Published on May 30th, 2019 | by Maarten Vinkhuyzen
May 30th, 2019 by Maarten Vinkhuyzen
The entrance of the Model S in Germany was considered a failure about 5 years ago. Autos of this class were expected to be “Autobahn capable,” which in Germany translates to driving for 3 hours at 130 mph. Of course, nobody ever does it, beside car magazine journalists testing their (and the cars’) endurance while driving in the middle of the night. In day time there is far too much traffic to do stupid things like that.
It was the lack of range at those high speeds that doomed the Model S in Germany. The increasing resistance of the air is what is the biggest energy hog at high speeds. While the Model S has an excellent aerodynamic profile, the battery storage was just not big enough to have the range at high speeds that was expected from vehicles at this price class in Germany.
While the original Model S85 was not considered “Autobahn fähig” (highway capable) with an EPA rating of 265 miles (426 km), the current S100D has an EPA rating of 370 miles (595 km), probably just enough to be acceptable to snobbish German car journalists. The new range translates to a guestimated 2 hours at 100 mph (160 km/h). There have been some changes on the Model S in recent years, both in the capacity of the cars and the expectations of the public.
Now these journalists have the difficult task of being exalted about the new entrants in the luxury electric car market, the Jaguar I-PACE (EPA 234 miles / 377 km), the Audi e-tron (EPA 204 miles / 328 km), and the Mercedes EQC (EPA ~210–225 miles / 338–362 km). This is considerably less than the Model S85, a car with a far better aerodynamic profile. (Cd 0.29 for I-PACE, Cd 0.28 for e-tron and EQC, Cd 0.24 for Model S). These higher Cd values are a bit of a problem. With higher speeds, the car needs more power to overcome the air resistance. The higher the Cd value, the more power is needed for every extra mile per hour.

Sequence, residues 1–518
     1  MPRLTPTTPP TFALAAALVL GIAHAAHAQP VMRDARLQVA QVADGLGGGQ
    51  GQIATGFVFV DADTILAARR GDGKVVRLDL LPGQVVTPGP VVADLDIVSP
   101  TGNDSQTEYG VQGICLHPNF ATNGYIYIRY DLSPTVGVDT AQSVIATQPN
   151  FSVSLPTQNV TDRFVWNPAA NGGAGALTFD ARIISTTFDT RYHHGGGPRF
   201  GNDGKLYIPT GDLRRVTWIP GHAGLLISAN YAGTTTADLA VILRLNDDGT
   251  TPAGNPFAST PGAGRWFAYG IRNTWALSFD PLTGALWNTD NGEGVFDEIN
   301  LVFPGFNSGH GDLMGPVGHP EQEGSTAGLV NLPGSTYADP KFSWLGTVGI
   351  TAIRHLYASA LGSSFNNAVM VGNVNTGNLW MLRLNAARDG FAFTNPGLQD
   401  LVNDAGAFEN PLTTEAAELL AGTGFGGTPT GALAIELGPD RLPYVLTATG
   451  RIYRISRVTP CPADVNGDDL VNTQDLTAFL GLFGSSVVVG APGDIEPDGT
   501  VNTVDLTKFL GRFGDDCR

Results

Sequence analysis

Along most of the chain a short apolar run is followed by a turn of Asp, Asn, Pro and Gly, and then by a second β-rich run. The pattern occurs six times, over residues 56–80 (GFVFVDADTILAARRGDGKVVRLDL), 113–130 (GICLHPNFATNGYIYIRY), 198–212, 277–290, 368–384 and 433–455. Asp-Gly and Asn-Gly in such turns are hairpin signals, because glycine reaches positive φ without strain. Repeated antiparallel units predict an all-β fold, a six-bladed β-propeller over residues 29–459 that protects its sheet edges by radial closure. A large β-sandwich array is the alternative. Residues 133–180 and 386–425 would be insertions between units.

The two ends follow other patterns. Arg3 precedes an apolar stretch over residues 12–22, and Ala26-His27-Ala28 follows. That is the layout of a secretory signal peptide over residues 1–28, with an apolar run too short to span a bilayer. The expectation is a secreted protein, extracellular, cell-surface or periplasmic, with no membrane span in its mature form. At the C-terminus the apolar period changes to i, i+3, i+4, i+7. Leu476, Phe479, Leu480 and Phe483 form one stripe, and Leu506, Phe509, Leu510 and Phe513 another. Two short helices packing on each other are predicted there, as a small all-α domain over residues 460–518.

In the case of Autobahn range, the higher the Cd value, the faster the range decreases with higher speeds. The EPA rating is a mixture of urban driving, outside city (45 mph, or 72 km/h) driving, and a bit of highway driving. It is already too optimistic for pure American highway driving. I have not seen numbers for German Autobahn driving, but they will not be pretty. The range will drop with something like 40% when increasing the speed from 75 mph to 100 mph (121–161 km/h).
These three new competitors in the high-end luxury segment will have exhausted their battery after about 1 hour of driving at 100 mph (161 km/h). But these are not despised American intruders that need to be put in their place. These are the pride of the German (and British) car industry. Loyalty dictates a loving review.
I am glad I am not a German car journalist. What is there to write about these cars that have about half the Autobahn range of the barely good enough Teslas? Perhaps it is best not to mention the Autobahn at all, or hype the coming abundance of ultrafast charging stations along those Autobahns.
The conclusion is simple — this first generation of Tesla competitors need some work on efficiency and aerodynamics, and they need a lot more battery storage. The 2 hours at 100 mph for the Tesla Model S100D is using 100% of its battery capacity. For real driving, you want to do this with the battery between 80% SoC and 10% SoC, or just using 70% of total battery capacity. For Tesla, that is an increase of nearly 50% of its current biggest battery, for those competitors, it is a 200% (or triple) increase of capacity.